Australia is well known for its wines, and the state of Western Australia (of which Perth is the capital) has quite a few standout wine regions, including Margaret River, located a three-hour drive south of Perth. While you’d be wise to spend a few days there before or after your stay in Perth, you can also sample the wines without leaving city limits. You’re likely to find Margaret River wines at nearly any restaurant or wine bar you visit—some of our favorite wine bars include No Mafia in Northbridge and Petition Wine Bar in the CBD. You can also take a day trip to a closer wine region, Swan Valley, which is only 25 minutes from downtown.
Hit the Beach
Like any proper coastal city in Australia, Perth has a thriving beach scene. While the town itself is set a little way back from the ocean, a short 30-minute drive will take you right to the sand. The most famous beach in Perth is Cottesloe, a half-mile stretch of pristine white sand that’s home to the annual Sculptures by the Sea event. Leighton Beach, set just north of Fremantle, is a particularly family-friendly spot given the calm surf. And Bathers Beach in Fremantle proper is adjacent to a promenade lined with restaurants, galleries, shops, not to mention the Round House historic site.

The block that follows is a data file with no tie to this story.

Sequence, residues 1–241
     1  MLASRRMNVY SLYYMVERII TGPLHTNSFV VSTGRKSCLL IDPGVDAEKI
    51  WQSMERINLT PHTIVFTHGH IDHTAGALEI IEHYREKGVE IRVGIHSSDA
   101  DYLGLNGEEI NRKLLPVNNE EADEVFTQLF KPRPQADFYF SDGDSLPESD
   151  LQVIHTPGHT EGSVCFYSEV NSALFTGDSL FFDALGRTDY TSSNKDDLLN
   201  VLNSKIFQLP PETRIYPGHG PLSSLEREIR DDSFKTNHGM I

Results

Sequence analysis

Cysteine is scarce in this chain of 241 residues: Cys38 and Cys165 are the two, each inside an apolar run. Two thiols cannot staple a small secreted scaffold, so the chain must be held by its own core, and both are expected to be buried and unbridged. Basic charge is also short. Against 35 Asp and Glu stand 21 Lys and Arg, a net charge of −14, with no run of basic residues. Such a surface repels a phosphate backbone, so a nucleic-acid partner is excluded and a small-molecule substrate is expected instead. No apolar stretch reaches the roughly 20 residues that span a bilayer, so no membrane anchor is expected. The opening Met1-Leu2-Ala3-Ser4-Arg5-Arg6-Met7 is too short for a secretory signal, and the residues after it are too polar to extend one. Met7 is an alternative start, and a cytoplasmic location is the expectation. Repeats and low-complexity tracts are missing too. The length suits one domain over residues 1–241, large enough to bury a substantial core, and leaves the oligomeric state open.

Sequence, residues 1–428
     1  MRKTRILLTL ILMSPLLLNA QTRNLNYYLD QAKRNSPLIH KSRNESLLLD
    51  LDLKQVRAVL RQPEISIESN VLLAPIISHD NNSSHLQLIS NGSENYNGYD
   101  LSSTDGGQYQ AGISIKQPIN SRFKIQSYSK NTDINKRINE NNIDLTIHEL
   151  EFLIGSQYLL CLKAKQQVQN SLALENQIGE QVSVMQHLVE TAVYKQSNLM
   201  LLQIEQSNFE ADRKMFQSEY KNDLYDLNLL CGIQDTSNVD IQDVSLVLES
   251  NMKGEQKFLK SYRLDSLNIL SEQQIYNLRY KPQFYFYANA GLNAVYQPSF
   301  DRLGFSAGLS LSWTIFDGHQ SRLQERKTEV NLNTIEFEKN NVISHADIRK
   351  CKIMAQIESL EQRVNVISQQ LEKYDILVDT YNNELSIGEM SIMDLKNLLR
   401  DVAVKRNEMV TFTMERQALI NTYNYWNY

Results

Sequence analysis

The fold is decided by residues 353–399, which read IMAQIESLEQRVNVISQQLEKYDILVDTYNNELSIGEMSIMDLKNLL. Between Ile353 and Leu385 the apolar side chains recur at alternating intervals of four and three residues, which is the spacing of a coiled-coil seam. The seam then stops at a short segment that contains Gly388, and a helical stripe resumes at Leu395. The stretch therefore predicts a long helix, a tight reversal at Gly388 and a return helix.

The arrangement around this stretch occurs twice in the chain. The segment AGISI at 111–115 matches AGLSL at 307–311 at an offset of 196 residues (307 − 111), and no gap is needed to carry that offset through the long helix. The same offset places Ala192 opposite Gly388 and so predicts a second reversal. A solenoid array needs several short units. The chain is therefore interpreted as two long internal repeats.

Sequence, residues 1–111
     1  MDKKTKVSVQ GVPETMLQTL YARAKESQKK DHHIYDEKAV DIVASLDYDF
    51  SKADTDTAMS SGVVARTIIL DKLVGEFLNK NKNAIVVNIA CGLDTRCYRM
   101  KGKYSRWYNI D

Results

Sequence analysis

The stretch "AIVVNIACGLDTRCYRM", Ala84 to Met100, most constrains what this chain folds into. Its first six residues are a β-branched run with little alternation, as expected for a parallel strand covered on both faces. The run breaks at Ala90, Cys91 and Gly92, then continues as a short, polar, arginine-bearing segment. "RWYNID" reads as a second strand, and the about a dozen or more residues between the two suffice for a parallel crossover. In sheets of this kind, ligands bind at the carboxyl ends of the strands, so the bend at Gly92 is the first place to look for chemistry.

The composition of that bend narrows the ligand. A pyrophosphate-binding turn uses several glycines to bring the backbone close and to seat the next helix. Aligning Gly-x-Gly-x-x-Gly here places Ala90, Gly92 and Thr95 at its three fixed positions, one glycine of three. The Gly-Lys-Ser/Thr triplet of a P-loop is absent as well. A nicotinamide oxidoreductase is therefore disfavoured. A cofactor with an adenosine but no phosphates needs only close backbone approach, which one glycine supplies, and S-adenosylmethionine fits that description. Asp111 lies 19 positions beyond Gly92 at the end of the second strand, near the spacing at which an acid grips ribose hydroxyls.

Drink Craft Beer
A visit to Perth would be incomplete without a trip to a local brewery or a craft beer bar. Some of the big brewers in the region include Bright Tank Brewing Co. in East Perth, Little Creatures Brewing in Fremantle, Blasta Brewing Company in Burswood, all of which have great tasting rooms for an afternoon of sampling. But there are also great bars to visit, too, like Caboose in Mount Lawley or Dutch Trading Co. in Victoria Park. And if you happen to be in town in August, don’t miss the Perth Craft Beer Festival, a three-day celebration of brews.
Stroll Through Kings Park and Botanic Garden
At nearly 1,000 acres, Kings Park is one of the largest inner city parks in the world, and it draws visitors and locals alike. It’s the best place to experience nature without leaving the city—two-thirds of the park is protected bushland. Kings Park is also home to the Western Australian Botanic Garden, which has more than 3,000 species of flora native to the state (visit in September to see the famous wildflower blooms). The park and the garden are both open and free to the public 24 hours a day, 365 days a year.
Enjoy a Fine Dining Experience